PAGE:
The packed house in The Newberry Library hall might not have noticed the harpoon poised next to a window until petite Kristine McIntyre grabbed it to show us the correct way to hold it that she had been schooled in.
McIntyre is the Stage Director for Chicago Opera Theater’s (COT) upcoming production of Moby Dick, as well as four other productions of the same opera in San Jose, Barcelona, Pittsburgh and Utah. Her harpoon holding teachers were from the Bedford Whaling Museum, a museum she praised generously, also showing us slides of their many whaling exhibits and recounting how she immersed herself in the whaling world through their excellent exhibits. It’s there that she also realized the high drama of whale blubber and skin being used to render the oil from the blubber—lighting up the whaling ships through the night. We could almost smell it.
Going to school on harpoon etiquette and immersing in the spectacle of rendering whale blubber actually sounded like the least of the effort that has gone into assuring that this opera meets the high bar we have come to expect from Chicago Opera Theater. McIntyre read Melville’s novel eight times in order to figure out how to best tell the story – though she had avoided reading Moby Dick in high school, college and graduate school prior.
As much as we quickly came to admire how McIntyre went all in to bring us Moby Dick, it is tenor Richard Cox playing Captain Ahab that this writer believes should get the Olympic Gold Medal. We watched a video demonstrating the arduous routine to attach a peg leg that he has affectionately named “Peggy Sue” to his body. We consider how he sings for 45 minutes stretches, and climbs up and down steps with “Peggy Sue”. We learn how he “trained” and is still training with both physical therapists and Alexander Technique coaches. And, even if he seems simply buoyant and cheery, we couldn’t help but get vicarious leg cramps as we imagined his routine. You get the sense that if his next role would require him to sing from a medieval torture rack he’d be saying “No problem!”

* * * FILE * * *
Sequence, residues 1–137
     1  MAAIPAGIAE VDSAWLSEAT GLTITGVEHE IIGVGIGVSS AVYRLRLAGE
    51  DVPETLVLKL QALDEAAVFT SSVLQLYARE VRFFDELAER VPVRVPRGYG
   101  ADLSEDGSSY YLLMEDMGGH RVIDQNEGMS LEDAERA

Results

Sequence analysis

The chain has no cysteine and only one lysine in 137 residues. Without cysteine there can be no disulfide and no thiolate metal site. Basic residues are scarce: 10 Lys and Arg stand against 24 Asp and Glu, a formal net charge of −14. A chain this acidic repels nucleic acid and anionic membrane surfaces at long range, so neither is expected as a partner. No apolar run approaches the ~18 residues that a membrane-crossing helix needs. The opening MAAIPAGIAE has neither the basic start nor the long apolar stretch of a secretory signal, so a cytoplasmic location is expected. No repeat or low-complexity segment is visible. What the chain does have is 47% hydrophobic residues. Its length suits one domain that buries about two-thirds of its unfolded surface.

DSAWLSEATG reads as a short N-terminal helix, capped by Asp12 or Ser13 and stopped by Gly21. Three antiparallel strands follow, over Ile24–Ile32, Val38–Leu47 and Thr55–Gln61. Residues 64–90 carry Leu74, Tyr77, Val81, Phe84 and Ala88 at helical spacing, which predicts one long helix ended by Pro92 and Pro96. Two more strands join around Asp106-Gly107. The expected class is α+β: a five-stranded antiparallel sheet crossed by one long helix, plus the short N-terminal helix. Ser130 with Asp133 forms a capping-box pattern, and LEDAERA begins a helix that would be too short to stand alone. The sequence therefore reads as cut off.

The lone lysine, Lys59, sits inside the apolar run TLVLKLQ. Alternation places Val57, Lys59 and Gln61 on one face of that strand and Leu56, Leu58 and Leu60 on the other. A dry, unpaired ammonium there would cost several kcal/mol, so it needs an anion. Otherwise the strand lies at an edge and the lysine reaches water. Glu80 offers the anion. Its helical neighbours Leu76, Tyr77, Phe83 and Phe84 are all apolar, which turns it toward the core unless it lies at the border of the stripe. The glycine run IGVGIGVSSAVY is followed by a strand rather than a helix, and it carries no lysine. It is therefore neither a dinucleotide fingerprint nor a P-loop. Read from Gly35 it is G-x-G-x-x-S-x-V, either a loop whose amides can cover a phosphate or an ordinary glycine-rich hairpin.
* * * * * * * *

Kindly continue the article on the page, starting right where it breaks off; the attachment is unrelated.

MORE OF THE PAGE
Chicago Opera Theater Conductor Leads the Discussion
These and other fascinating inside looks at what it takes to make an opera like this, and Moby Dick in specific, were brought to life during this preview event by personable COT Conductor Lidiya Yankovskaya peppering McIntyre with questions. Following, we could then soak up what unfortunately was the last day of The Newberry Library’s special exhibit on Herman Melville.
The pièce de resistance, however, in this writer’s view, were the two performers who sang with pianist Josh Quinn—baritone Aleksey Bogdanov who plays the role of Starbuck and tenor Andrew Bidlack who sings a role of Greenhorn. The snippets they sang were strongly emotive and engaging—piquing our interest to hear the one soprano voice, other principals, 39 choristers and also see the four dancers who will perform in Moby Dick.
Stay tuned to these pages for a review of Moby Dick.
For tickets and more information visit the Chicago Opera Theater website.
The Newberry Library has hosted two Chicago Opera Theater previews this year
About the Author:
Amy Munice is Editor-in-Chief and Co-Publisher of Picture This Post. She covers books, dance, film, theater, music, museums and travel. Prior to founding Picture This Post, Amy was a freelance writer and global PR specialist for decades—writing and ghostwriting thousands of articles and promotional communications on a wide range of technical and not-so-technical topics.
Amy hopes the magazine’s click-a-picture-to-read-a-vivid-account format will nourish those ever hunting for under-discovered cultural treasures. She especially loves writing articles about travel finds, showcasing works by cultural warriors of a progressive bent, and shining a light on bold, creative strokes by fledgling artists in all genres.